Medical Marijuana, Burlington, News, Dispensary, Board of Selectmen

 August 19 2015

Selectmen Vote to Approve Continuing Talks with Medical Marijuana Group in Split Decision

By: Rich Hosford

The Burlington Board of Selectmen voted in a split decision to continue negotiations with a collaborative group that is seeking to establish a medical marijuana dispensary in town. 

 

During the selectmen meeting last month, Town Administrator John Petrin explained that Mission Massachusetts, a collaboration of four groups out of Worcester, has filed an application to set up a distribution point in town.  

 

This week the town administrator said the group is moving forward with that plan and has applied for a license from the state. 

 

Since that meeting he, along with Chairman of the Board Michael Runyan and Vice Chair Chris Hartling, has met with representatives from the group to discuss their plans and visions for the Burlington location. 

 

He said the group seems very professional and has the resources and background to fulfill the promises they are making about how the plan will be run and secured. 

 

Runyan agreed, saying it was not a “fly-by-night” operation. 

 

“We’ve been very impressed with their credentials,” he said. 

 

At the last meeting Petrin had explained that when a company looking to set up a dispensary applies for a location the town is limited in what it can do. The Board of Selectmen can choose to write a letter of support, a letter of non-committal or take no action at all. It cannot, he added, send a letter of disapproval. 

 

This week the board had to decide whether or not continue discussions with the group with the possibility of signing a letter of support. Petrin said that what some communities are doing is trying to negotiate a “host agreement” in return for a letter of support.

 

This agreement, Runyan explained later, would allow the town to negotiate for concessions from the group. One big thing he said was important for the town is the security of the dispensary and in that light he said he wants it to be located in a place that is visible to police patrols, not tucked away in an industrial park.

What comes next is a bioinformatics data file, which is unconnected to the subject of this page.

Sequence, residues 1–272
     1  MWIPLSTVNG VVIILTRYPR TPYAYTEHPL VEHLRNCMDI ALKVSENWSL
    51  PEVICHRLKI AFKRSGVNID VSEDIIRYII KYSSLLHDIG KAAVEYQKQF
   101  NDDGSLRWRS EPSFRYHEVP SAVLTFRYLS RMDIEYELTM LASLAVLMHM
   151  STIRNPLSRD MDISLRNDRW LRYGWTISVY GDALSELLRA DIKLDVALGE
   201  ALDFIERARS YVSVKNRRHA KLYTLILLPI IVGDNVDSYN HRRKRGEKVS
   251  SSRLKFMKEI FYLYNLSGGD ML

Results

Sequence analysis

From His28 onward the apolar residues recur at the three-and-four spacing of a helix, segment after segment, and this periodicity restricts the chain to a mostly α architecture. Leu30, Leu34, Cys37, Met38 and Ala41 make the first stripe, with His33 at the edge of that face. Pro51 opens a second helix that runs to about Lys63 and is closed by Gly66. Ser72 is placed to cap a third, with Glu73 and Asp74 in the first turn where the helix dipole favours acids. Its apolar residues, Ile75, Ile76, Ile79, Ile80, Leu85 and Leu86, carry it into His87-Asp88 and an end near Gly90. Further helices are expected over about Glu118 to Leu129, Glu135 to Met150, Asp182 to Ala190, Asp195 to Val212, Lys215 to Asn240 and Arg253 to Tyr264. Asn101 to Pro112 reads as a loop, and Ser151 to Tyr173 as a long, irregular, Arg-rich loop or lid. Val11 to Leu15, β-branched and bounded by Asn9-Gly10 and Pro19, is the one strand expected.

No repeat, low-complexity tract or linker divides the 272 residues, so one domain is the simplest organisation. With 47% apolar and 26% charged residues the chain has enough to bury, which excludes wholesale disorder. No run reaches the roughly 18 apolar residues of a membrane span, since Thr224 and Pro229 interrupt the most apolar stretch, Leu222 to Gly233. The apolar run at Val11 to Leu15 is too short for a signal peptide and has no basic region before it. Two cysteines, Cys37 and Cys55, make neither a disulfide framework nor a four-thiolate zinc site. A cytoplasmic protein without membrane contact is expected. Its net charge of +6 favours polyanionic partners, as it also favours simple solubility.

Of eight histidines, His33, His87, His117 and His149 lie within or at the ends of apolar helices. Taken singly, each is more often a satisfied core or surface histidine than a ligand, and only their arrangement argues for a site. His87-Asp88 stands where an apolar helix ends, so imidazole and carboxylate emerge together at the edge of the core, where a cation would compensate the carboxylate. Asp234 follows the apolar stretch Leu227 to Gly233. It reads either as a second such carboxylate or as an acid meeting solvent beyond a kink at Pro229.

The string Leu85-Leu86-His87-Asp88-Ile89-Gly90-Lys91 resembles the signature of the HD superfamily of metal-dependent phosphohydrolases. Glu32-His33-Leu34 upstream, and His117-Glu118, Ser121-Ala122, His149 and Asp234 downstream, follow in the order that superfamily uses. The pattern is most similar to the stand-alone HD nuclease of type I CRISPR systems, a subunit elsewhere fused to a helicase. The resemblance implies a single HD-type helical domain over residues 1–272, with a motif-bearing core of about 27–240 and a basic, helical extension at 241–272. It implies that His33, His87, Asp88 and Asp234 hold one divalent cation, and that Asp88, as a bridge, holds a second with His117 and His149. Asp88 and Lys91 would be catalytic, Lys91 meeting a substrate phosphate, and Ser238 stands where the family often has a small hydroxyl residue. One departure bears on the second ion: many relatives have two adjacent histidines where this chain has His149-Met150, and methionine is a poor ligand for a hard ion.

Also, being a non-profit, the group will be required to contribute some of its profits to the town, Runyan added. He said these funds might go into the general fund or go to specific programs like public safety, support for the Department of Children and Families and toward an anti-drug abuse program. 

 

“We want something that is germane to what they do,” he said. 

 

Runyan said he has received some emails from concerned residents and a couple have suggested the selectmen have Town Meeting take a vote on whether to move forward with negotiations on the “host community” status. 


We’re here to make the tough decisions,” he said. “Some have suggested we pass the buck and send it to Town Meeting but my thinking if that we take no action on this, which is legal, they can come here regardless. 

 

The board voted 3-2 to continue discussions with the group. Selectmen Bob Hogan and Daniel Grattan voted against it. 

 

Grattan said that even though medical marijuana is now legal, the town does not need to be welcoming. 

 

“It’s the law of the land but I’m not thoroughly convinced we need to roll out the red carpet either,” he said. 

 

Resident Maureen Drossos spoke against proceeding with discussions, echoing Grattan’s statement that the town does not need to welcome in a dispensary. She also brought a petition with signatures from over 20 of her neighbors who agree with her. 

 

“I ask that you do not support it,” she said. “I did not think this was the direction the town was heading or that this is the type of business we’d be trying to bring in. I don’t think we need it in our backyard.” 

 
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